Dracula Untold review

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Dracula Untold is a film which takes some elements from Bram Stoker’s Dracula and re-envision’s Dracula’s origin story. The titular character for Stoker’s novel is based on a real life historical figure, Vlad the Impaler, also known as Vlad III, Prince of Wallachia, which is geographically Romania. Vlad is a popular folk hero in Romanian lore, and Stoker’s book adds a mythical element to an already established character, pushing on the idea of a vampire, and is actually responsible for the archetype of vampires we see today.

The story of Dracula Untold merges fact with fiction and follows legendary Transylvanian prince Vlad III Tepes (Luke Evans), who has an issue after an old tradition which had previously been abolished returns. Sultan Mehmed II (Dominic Cooper) demands 1000 boys from Vlad’s kingdom to join his army, including Vlad’s own son. In order to stop Mehmed, protect his wife, son and kingdom, Vlad seeks power from the ancient Caligula (Charles Dance) who is located on Broken Tooth Mountain. He is gifted and burdened with a power that gives him the strength of 100 men, and superhuman abilities. However there is a catch; he has the thirst for human blood. If he succumbs to the lust of blood within these three days, he will become a vampire forever. And so begins the legend that is known as Dracula.

I always try to go into a film with an open mind and leave all my preconceived notions about said film at the theatre door. However, this was different. I couldn’t stop thinking about it. I understand that Universal are going to kick off their Monsters Cinematic Universe, beginning with a reboot of The Mummy in 2016, however Dracula was originally the first of that line-up. So is it possible that Dracula Untold is a part of that universe?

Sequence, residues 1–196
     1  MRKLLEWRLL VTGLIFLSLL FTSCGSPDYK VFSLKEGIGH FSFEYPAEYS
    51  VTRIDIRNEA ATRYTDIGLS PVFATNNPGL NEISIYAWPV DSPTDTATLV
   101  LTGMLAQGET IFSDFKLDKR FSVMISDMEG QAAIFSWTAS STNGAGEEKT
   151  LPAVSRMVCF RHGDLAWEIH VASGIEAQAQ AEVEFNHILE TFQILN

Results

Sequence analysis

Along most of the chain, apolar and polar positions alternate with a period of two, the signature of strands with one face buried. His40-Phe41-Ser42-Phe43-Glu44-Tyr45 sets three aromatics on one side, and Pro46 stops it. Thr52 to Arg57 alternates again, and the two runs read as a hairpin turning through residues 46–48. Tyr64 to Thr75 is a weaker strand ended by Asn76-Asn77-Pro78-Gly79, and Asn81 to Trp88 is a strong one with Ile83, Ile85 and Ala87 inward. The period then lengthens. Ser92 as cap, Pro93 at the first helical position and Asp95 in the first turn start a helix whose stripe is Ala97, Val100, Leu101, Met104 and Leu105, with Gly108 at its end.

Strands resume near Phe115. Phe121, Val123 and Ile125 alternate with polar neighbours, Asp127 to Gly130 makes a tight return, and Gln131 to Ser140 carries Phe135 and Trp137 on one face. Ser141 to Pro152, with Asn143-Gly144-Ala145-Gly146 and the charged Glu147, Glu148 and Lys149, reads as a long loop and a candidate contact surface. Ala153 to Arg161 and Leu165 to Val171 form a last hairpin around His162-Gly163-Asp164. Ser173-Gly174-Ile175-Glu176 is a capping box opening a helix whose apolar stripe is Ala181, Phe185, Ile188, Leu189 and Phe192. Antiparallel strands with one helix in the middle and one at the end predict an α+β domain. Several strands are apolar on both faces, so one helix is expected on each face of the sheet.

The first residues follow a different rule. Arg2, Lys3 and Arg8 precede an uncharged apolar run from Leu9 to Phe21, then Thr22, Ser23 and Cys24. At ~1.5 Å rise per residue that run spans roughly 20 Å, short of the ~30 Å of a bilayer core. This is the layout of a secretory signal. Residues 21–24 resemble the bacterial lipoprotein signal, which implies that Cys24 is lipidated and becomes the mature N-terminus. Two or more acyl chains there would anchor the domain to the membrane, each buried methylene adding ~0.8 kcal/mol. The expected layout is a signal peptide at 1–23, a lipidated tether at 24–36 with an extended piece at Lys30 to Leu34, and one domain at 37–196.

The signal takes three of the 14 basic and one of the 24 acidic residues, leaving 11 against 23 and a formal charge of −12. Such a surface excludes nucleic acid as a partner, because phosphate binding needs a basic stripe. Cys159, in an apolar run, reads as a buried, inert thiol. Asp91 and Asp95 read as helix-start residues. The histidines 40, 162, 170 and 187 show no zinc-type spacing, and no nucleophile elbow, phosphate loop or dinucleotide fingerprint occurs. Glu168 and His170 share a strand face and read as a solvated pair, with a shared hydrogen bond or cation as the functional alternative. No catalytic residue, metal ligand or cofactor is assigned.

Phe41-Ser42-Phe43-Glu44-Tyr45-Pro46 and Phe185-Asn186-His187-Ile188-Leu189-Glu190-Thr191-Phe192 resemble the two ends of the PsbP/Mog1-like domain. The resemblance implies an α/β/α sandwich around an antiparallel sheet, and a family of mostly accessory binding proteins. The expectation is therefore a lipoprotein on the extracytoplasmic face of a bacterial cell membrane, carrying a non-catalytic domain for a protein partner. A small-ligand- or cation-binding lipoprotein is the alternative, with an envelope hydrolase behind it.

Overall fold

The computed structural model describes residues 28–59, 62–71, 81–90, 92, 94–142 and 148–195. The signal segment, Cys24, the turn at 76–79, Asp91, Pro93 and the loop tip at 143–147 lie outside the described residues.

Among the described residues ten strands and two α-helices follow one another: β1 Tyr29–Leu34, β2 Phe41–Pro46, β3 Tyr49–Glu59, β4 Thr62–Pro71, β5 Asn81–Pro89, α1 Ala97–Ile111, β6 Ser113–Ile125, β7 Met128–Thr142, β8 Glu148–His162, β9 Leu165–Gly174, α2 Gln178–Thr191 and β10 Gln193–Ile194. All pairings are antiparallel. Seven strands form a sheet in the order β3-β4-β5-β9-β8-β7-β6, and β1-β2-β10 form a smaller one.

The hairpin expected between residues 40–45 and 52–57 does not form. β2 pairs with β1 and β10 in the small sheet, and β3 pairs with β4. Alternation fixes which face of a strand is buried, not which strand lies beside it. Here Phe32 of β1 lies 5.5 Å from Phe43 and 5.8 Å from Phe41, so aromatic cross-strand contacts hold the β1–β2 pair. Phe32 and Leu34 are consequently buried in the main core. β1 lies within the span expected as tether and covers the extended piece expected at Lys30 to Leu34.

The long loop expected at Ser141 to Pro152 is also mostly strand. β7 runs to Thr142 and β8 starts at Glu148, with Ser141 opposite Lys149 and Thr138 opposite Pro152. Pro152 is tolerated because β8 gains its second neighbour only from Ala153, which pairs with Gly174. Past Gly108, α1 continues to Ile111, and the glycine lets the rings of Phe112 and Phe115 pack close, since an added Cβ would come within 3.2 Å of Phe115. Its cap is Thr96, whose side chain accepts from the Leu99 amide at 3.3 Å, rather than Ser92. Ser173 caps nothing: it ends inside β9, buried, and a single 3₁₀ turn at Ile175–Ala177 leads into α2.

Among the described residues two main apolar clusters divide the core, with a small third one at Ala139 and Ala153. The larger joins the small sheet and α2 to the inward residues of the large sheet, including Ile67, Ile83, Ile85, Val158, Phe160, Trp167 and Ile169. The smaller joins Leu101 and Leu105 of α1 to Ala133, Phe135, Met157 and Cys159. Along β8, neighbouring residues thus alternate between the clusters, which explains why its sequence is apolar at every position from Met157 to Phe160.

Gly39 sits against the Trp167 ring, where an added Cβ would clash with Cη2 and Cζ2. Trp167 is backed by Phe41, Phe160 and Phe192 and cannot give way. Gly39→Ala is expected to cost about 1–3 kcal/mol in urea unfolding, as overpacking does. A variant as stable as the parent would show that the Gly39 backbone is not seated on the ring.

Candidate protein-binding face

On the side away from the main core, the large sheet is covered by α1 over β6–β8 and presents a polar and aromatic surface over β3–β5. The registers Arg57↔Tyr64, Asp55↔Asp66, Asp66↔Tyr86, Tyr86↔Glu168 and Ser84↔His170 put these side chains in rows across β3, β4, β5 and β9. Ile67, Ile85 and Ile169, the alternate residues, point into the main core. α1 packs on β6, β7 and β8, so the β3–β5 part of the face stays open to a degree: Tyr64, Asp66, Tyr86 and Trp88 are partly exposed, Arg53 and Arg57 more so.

There were many reasons I wanted this film to deliver, and it did just that. When mixing action and romance together, at times we can have an unhealthy balance, where films either have too many daisies or testosterone. However, whilst establishing the character of Vlad and the relationship he had with his wife Mirena (Sarah Gadon), we have some intimacy, but not too much. We gathered what their relationship was, and we had a feel of how they felt for each other, and for their son Ingeras (Art Parkinson) also.

A key feature which I found interesting was that Vlad was by no means a saint. In the past he did some immoral deeds, and at a point felt hollow himself. When it comes to the character’s development, he acknowledges that he wasn’t perfect, yet he still has people he cares for and people that he wants to look after. Vlad had developed as a character both on screen, and off the screen.

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Whilst being quite a dark film, there are subtle parts where it allowed the audience to take a breather and laugh for a moment. The CGI was absolutely spectacular when it came scenes with narration and even the unique camera angles.

There are however three issues, which were not major, but nonetheless noteworthy. It could have been brightened up a bit, for it was dark in some sections, which made it difficult to see what was going on. The final fight scene was quite lacklustre, and could have been grander in scale, seeing as the rest of the movie gave off a grand vibe. Another issue was the soundtrack. Ramin Djawadi’s score was very subtle and as such was easily forgettable. Yet the film was engaging enough, making this more of a minor issue.

Dracula Untold had great pacing, and didn’t go the route of leaving you wondering for too long. The ending was satisfying, and tied up neatly, which left me yearning to see more of the characters. I thoroughly enjoyed it and would go and see it again.

Dracula Untold opens in cinemas in the UK on Friday 3 October 2014.

 

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